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Sunday, September 18, 2011


Irrevocable life insurance trusts are a mainstay of transfer tax planning with the object of avoiding estate tax on life insurance policy payouts. Such trusts often provide a Crummey withdrawal feature to one or more trust beneficiaries, so that premium payments by the grantor are eligible for exclusion from taxable gifts as present interest annual exclusion gifts.

Clients are instructed that the grantor should transfer premium payments to the trust, and that the trust should remit the proceeds to the insurance company. Further, the trustee should provide notice to the beneficiaries of their withdrawal rights at or about the time of the contributions of premium amounts to the trust. These protocols are intended to minimize the risks of IRS challenge to present interest status of the contributions.

Oftentimes, clients disregard these instructions, and the grantor makes direct payments of premiums to the insurance company. This is what occurred in the recent Tax Court case of Estate of Turner v. Commissioner. As one might expect, the IRS challenged the present interest exclusion status of the premium payments. However, in a boon to other taxpayers who have similarly funded their premium payments, the Tax Court still allowed the present interest exclusion treatment.

The IRS first argued that the trust beneficiaries had no meaningful rights to withdraw the premium payments since they were not first paid to the trust. The Tax Court noted that the key factor in a present interest gift such as this is whether the beneficiary had the "legal right to demand" the withdrawal. Under the terms of the trust, the beneficiaries have the absolute right and power to demand withdrawals from the trust after each direct or indirect transferred to the trust. That the funding occurred indirectly was thus irrelevant to the right to demand.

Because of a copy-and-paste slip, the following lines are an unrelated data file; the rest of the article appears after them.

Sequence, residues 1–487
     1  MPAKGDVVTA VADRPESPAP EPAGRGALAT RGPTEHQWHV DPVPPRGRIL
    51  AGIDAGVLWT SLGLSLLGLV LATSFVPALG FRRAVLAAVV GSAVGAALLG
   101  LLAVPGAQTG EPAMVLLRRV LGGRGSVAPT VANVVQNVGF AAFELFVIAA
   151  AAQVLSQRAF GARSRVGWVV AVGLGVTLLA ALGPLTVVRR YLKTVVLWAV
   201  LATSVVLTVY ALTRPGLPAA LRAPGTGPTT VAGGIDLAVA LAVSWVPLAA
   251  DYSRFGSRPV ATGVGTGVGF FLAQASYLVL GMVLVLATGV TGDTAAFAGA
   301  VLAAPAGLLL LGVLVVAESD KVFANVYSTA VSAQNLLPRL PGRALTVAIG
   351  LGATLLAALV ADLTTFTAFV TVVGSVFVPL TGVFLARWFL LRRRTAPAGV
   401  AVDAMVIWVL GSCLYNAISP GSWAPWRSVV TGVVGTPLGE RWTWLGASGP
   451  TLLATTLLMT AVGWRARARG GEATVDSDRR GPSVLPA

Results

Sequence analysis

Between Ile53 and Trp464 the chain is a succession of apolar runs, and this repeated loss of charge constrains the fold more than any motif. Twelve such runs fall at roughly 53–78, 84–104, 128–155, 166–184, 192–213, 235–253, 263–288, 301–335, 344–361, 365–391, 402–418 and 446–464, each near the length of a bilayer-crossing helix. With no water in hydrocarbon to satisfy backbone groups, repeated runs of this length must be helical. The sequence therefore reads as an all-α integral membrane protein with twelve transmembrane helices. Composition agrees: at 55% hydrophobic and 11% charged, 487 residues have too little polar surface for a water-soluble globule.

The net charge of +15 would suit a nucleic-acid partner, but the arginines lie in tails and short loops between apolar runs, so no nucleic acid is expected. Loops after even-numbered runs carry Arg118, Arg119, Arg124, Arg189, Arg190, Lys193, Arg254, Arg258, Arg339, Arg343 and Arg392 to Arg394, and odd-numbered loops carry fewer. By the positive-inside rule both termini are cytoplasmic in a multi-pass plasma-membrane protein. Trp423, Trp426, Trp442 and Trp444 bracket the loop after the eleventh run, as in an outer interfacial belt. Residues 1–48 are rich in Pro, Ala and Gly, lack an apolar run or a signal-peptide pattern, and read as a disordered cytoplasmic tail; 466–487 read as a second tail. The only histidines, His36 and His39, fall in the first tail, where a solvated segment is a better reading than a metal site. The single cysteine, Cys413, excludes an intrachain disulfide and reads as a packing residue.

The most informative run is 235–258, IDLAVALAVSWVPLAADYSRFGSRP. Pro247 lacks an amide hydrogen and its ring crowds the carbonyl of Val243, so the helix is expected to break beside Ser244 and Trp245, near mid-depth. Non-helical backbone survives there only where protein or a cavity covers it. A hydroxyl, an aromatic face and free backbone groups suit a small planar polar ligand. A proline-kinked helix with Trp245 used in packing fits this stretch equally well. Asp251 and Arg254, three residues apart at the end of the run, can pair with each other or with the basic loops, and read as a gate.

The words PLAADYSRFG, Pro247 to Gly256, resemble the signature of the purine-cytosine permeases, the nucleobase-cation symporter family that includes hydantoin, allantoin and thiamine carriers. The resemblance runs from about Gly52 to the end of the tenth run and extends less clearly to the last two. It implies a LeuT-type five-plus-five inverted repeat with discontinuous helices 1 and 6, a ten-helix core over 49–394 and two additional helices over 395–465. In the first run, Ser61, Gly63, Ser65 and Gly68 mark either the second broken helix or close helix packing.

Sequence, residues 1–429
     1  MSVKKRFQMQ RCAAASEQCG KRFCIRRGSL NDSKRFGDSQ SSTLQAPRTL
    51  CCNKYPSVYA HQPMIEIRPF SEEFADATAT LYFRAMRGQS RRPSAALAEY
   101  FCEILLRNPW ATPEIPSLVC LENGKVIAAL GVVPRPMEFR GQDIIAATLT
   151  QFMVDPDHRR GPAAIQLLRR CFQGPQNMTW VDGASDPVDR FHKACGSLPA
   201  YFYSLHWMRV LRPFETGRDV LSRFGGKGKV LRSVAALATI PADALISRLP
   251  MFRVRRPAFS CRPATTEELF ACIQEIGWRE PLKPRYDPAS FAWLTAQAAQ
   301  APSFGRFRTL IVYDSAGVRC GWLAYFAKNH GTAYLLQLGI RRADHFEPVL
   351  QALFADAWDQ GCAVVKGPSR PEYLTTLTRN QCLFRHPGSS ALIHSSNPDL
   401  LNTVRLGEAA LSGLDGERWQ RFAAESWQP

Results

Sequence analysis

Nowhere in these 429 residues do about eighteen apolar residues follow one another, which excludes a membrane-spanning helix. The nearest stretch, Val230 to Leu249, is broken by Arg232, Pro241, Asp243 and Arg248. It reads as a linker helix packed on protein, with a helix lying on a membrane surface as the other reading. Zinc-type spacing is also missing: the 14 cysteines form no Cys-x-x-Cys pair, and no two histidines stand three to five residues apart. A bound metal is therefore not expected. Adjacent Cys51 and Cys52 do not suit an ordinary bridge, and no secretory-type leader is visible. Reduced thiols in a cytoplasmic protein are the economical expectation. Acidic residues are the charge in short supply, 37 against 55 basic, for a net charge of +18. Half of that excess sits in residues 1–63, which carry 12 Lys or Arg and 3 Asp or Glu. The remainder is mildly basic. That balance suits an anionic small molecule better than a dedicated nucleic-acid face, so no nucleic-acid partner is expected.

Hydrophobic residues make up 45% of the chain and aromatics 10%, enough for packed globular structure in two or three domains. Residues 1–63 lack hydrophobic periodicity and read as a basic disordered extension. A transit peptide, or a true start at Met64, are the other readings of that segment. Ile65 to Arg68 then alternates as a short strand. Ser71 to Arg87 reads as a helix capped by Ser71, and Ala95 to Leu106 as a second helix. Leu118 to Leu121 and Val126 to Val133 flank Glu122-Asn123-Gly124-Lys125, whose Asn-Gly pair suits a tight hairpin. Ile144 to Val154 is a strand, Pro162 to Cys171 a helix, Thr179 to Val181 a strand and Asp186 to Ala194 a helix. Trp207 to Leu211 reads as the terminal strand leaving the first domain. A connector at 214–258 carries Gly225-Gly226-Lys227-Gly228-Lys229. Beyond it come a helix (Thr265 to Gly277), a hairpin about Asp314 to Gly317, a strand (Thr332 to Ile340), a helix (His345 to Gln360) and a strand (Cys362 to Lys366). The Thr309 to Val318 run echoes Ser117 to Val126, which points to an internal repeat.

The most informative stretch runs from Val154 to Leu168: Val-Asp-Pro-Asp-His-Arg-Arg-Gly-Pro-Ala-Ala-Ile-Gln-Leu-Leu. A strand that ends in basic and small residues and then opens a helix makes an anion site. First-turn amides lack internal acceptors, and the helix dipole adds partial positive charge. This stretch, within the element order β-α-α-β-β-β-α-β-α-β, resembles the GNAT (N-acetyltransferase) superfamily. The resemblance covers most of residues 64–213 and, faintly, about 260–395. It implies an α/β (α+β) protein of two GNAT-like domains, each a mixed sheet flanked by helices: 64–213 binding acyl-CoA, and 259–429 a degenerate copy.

The IRS also argued that there was no meaningful withdrawal rights because some, or even all, of the beneficiaries may not have known they had the right to demand withdrawals per the absence of notice to them. Again, the Tax Court indicated such lack of notice did not affect the "legal right to demand" withdrawals and thus lack of notice was not determined to be an impediment to present interest status. The court appropriately noted that lack of notice was not an impediment in the Crummey case, either.

Does this mean that taxpayers can now make direct premium payments that bypass the trusts, and avoid delivering withdrawal notices to beneficiaries? For taxpayers that end up in the Tax Court, and that are willing to front the litigation costs to get there, the answer is probably yes. However, since the IRS has not conceded this issue, and since other courts may not agree with this interpretation, proper contribution and withdrawal notice protocols should still be observed (but with the comfort that favorable Tax Court treatment will backstop the protocols if they are not fully observed). Also, practitioners should confirm that their life insurance trust forms allow for withdrawals for both direct and indirect contributions.

Estate of Turner v. Comm'r, T.C. Memo. 2011-209 (Aug. 30, 2011)

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